Sep 9, 2022 - News

Exclusive: Wolfspeed CEO explains $5 billion Chatham County expansion

The Wolfspeed logo on a purple background.
Photo: by Rafael Henrique/SOPA Images/LightRocket via Getty Images.

Wolfspeed, the Durham-based chip maker formerly known as Cree, has picked Chatham County for a $4.8 billion materials plant.

  • The plant is expected to create at least 1,800 jobs that pay an average of $77,753 per year.

Why it matters: The expansion, unveiled Friday after months of behind-the-scenes negotiations, is yet another manufacturing win for central North Carolina to come in exchange for large-scale tax incentives.

  • The state and local governments will provide about $775 million in incentives if Wolfspeed meets hiring and investment goals.

Driving the news: The state’s Commerce Department approved a Job Development Investment Grant Friday morning worth $76 million to Wolfspeed if it hires 1,800 workers by 2030.

  • The company could also receive more than $600 million from Chatham County and Siler City.

Wolfspeed CEO Gregg Lowe told Axios in an exclusive interview this week that his company had been on the search for a new materials facility for about a year due to rising demand for its silicon carbide chips, which are more energy efficient than traditional silicon and have become popular with electric car makers.

  • “EV adoption is happening earlier and faster than anyone anticipated,” Lowe said. Wolfspeed’s customers include GM and Lucid Motors.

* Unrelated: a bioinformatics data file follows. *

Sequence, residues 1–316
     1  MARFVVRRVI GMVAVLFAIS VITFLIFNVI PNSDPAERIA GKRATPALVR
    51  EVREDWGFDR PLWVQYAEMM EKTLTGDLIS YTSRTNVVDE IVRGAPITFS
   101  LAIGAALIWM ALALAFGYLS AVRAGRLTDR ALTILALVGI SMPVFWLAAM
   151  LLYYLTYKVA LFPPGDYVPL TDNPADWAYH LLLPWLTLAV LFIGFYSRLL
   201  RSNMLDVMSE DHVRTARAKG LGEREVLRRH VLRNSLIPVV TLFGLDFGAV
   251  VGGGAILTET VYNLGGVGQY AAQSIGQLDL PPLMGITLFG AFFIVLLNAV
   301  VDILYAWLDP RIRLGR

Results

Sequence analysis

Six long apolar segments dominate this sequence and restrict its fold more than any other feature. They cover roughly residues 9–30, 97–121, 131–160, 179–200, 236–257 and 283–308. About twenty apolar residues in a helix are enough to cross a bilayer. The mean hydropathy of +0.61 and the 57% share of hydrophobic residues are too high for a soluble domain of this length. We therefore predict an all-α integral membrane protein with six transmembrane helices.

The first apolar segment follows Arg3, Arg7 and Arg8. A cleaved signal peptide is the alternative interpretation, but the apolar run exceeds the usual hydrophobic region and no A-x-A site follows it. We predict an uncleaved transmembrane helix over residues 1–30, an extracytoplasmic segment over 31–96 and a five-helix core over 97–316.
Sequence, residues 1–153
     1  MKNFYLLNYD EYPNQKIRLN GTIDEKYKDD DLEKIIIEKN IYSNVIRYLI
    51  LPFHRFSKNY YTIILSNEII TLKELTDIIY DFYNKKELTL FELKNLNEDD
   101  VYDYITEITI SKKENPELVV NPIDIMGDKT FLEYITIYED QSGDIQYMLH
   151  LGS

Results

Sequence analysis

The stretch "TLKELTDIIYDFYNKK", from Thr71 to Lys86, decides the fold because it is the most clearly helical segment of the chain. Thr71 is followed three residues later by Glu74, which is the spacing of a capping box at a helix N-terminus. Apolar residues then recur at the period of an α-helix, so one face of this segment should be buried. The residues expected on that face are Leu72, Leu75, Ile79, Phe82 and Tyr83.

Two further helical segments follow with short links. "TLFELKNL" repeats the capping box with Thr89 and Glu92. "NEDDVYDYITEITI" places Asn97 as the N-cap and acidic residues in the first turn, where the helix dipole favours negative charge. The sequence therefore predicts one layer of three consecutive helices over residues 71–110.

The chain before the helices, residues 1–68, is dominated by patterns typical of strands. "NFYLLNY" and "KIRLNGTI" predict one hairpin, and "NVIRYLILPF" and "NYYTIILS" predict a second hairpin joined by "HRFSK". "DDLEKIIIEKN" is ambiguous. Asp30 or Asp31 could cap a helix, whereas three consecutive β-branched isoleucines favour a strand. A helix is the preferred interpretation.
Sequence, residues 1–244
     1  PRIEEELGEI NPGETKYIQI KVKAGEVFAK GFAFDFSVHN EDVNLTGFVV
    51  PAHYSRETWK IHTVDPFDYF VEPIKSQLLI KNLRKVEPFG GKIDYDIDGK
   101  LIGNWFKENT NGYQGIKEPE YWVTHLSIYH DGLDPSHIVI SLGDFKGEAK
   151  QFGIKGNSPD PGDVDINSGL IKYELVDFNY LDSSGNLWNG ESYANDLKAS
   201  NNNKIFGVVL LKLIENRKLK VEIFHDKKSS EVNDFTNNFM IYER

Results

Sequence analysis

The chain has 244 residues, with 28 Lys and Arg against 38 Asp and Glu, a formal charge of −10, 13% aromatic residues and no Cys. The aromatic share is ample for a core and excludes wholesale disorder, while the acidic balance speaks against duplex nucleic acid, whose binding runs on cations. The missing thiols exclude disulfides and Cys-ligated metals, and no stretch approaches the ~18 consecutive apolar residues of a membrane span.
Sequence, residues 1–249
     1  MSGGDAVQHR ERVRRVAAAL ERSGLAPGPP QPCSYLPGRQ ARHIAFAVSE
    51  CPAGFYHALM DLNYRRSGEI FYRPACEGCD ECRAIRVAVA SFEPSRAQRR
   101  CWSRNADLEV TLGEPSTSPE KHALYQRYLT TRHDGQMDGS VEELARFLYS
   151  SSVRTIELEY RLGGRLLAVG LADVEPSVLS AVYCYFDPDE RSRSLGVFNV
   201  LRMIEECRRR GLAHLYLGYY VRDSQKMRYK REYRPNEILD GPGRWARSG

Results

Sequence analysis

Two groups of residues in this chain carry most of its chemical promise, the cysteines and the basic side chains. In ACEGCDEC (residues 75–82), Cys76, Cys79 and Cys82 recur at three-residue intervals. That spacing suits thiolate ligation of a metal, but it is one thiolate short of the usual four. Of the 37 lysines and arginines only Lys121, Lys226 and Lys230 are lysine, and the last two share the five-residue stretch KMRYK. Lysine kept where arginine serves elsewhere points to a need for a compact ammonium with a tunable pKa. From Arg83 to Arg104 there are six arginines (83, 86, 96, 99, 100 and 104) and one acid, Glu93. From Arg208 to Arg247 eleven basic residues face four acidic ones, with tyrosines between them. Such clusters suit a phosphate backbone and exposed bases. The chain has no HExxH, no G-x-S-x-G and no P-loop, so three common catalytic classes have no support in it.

Lowe said he believes Wolfspeed’s new facility could also be eligible for incentives under the recently signed Chips and Science Act.

The big picture: The Wolfspeed announcement comes on the heels of recent news that Vietnamese car maker VinFast plans to make electric vehicles in Chatham County, and that Toyota is building a battery plant in nearby Randolph County — both employing several thousand workers.

  • These facilities promise to bring tremendous growth to a mostly rural part of the Piedmont region over the next decade, stretching the Triangle’s suburbs farther to the South.

Flashback: Axios reported earlier this year that Wolfspeed was considering Chatham County for an expansion, after the state budget set aside $112.5 million as a potential incentive for a chip manufacturing project in Chatham County. The money would be used to ready the land for the needs of the facility, which will require large amounts of energy and water.

  • To qualify for the budget’s incentive, Wolfspeed must invest at least $4.8 billion in the county and create those 1,800 jobs.
A rendering of a planned Wolfspeed facility.
Photo: Courtesy of Wolfspeed

Zoom in: In Chatham County, Wolfspeed will build a plant where it will grow the crystalline material that goes into its silicon carbide chips. It has a smaller location in Durham that already does this, which will be complemented by the Chatham plant.

  • The materials created there will be sent to the company’s production facility in New York for final manufacturing.
  • “We produce 60% of the world's silicon carbide out of our North Carolina facilities in Durham,” Lowe said. “The Chatham site will be substantially larger than that. Think of it as more than 10x the size.”

Lowe said, beyond the financial incentives, North Carolina’s workforce and Wolfspeed’s existing facilities here made it the right choice. He noted the company received strong offers from several other states, including New York.

  • Wolfspeed has a partnership with North Carolina Agricultural and Technical State University’s engineering school in Greensboro.
  • Lowe said Wolfspeed’s high wages and focus on making technology that fuels the transition away from gas engines help it find talent. “For the folks coming out of college right now these are important topics,” he said.

What’s next: Phase one of construction is expected to be complete by 2024. The second phase, which could push the entire facility to one million square feet, will be completed in 2030.

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